Autodesk recently announced the availability of Simulation 360, its cloud-based CAE solution for designers, engineers and architects. This is the latest offering to take advantage of what CEO Carl Bass has called infinite computing, where unlimited CPU capacity is out there somewhere, allocated to you when you need it to run your job and then freed up to run someone else’s. Since nothing is running on your machine, you can keep going with design or other tasks. Once your results come back, you examine them and make any needed mods to the design. Over time, simulation becomes a routine, inexpensive part of the design process, and you’ll do it again and again and again.

Companies with a lot of IT infrastructure likely have an HPC center for simulation — but most small companies don’t have spare hardware lying around for occasional simulations. Most of them must run a CPU-intensive computation overnight so that the PC stays available for use during working hours, which tends to make simulation a stage gate outside the design process and more a special case than the norm. Too, most CAE software licenses are priced per CPU — so a slower result on one CPU is cheaper for many users than a faster result on a number of CPUs — putting fast results out of reach for many.

Autodesk wants to address both speed and cost with its Simulation 360 offering. Right now, for $3,200 per year, a user can run 120 jobs of any size or complexity using Autodesk Simulation Mechanical 360 (aka Algor) and Autodesk Simulation CFD360  (aka CFdesign). That comes out to $27 per job and you can buy more at about $10 per job. Want more? $7,200 buys unlimited access for one year to mechanical and CFD simulations while $10,000 buys a year of unlimited access that also includes Moldflow.

The good news: the early adopters I spoke with are happy. Very happy. Autodesk has been talking about and testing this concept for a while. It needed to get the user interface right, so that someone can send up a simulation while in the middle of a design task. The behind-the-scenes stuff, how the simulation is sent up, solved and the results retrieved, also had to be bomber since any failure in the underlying cloud technology would be a disaster.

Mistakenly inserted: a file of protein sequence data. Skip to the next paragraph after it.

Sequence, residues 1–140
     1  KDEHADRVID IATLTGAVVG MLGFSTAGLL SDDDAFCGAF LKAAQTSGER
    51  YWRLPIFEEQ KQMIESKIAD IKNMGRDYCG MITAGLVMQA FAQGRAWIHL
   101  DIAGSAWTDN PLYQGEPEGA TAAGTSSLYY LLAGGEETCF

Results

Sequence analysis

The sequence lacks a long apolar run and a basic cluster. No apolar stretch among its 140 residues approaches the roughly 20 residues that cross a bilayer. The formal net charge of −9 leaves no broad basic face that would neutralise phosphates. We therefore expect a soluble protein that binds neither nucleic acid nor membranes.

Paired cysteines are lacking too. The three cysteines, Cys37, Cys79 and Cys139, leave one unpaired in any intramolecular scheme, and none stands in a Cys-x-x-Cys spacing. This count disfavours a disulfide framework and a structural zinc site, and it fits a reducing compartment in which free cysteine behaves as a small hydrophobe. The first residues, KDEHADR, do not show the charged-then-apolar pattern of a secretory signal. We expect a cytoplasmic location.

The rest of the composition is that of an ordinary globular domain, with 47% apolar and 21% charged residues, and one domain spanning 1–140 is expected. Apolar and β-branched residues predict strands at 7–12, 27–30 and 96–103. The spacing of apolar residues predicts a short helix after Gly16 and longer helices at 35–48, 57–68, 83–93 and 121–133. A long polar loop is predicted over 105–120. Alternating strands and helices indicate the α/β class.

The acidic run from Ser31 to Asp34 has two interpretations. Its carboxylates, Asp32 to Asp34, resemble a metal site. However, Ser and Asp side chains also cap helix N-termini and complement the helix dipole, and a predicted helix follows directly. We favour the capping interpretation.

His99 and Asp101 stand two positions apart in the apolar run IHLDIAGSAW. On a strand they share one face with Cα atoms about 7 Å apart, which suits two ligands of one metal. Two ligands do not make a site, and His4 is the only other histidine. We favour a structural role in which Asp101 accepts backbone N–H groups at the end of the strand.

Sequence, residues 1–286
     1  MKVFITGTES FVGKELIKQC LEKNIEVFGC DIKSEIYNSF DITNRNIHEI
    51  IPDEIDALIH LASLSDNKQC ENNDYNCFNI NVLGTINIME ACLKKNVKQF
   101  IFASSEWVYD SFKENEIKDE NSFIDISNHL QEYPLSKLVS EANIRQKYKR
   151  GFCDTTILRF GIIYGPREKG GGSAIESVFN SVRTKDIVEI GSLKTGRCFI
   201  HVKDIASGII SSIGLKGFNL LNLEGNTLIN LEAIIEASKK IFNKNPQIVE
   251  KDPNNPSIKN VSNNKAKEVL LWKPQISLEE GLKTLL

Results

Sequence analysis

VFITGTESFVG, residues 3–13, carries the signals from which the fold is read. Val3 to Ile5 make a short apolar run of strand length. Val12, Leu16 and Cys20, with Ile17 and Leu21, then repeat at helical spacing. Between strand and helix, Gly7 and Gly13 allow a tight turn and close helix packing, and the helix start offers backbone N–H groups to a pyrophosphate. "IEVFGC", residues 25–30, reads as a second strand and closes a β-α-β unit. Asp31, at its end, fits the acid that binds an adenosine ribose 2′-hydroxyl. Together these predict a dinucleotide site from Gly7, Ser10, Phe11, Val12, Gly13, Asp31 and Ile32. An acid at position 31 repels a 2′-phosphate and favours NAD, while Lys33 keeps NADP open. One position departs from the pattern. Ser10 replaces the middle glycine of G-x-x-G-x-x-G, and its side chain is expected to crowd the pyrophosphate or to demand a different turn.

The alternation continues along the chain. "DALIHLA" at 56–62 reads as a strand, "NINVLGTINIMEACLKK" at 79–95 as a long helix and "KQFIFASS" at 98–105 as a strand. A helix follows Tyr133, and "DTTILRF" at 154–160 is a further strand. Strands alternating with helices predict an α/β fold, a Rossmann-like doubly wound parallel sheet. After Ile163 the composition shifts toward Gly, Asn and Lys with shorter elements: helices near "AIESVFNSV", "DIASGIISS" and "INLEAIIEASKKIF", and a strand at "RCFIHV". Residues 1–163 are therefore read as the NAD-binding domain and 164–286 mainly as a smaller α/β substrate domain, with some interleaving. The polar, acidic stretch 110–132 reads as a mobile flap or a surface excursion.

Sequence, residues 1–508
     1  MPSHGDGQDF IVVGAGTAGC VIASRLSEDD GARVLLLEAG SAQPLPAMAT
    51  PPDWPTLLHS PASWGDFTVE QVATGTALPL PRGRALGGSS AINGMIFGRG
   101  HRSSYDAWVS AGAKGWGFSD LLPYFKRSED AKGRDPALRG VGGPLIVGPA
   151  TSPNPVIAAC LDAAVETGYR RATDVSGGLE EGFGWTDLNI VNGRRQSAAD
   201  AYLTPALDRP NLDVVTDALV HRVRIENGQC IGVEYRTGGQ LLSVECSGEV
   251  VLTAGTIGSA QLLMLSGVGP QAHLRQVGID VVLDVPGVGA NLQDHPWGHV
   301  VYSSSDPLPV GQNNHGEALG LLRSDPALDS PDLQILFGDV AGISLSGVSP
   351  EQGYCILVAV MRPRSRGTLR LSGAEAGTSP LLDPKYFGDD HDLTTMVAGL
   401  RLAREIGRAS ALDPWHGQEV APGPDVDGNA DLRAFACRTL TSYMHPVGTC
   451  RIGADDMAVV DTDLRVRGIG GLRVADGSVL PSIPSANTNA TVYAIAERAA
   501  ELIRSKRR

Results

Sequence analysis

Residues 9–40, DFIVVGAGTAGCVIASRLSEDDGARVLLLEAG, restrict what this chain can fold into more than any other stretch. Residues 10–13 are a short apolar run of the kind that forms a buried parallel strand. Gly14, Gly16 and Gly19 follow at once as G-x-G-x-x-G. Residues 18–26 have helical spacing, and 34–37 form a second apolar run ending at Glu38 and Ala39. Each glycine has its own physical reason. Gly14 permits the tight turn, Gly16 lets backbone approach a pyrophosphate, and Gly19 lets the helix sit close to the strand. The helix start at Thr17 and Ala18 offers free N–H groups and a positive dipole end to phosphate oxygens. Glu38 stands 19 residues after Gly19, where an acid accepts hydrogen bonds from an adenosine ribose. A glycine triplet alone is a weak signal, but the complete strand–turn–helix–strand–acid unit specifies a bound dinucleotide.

Early reports are that Simulation 360 enables a continuous workflow that’s natural, fast and secure. If you were at AU 2010, you likely remember Escape Dynamics, a startup that wants to make space accessible to companies and individuals, not just governments. The sim above is of a vehicle accelerating through the atmosphere and the graphic below is diagram of the external propulsion launch system the company is building.

Co-founder/CEO/CTO Dmitriy Tseliakhovich and Lead Research Engineer Matthew Hanover recently spent some time with me, telling me how they use simulation and why Simulation 360 works so well for them.

Escape Dynamics’ designs can’t easily be tested in real life, so Dmitriy and Matt need to simulate as much as possible to avoid prohibitively expensive prototypes and to test out many design concepts before investing too much in any one idea. Before Sim360, Matt would set up a simulation, let it run until done, look at the results, set up the next, let it run …. and so on. He said that this sequential method limited him to doing 3-4 simulations per day. With Sim360, he sets up simulations in parallel, exploring many more options than was possible before. Matt called it a “continuous, efficient flow that lets me try things I wouldn’t have before”.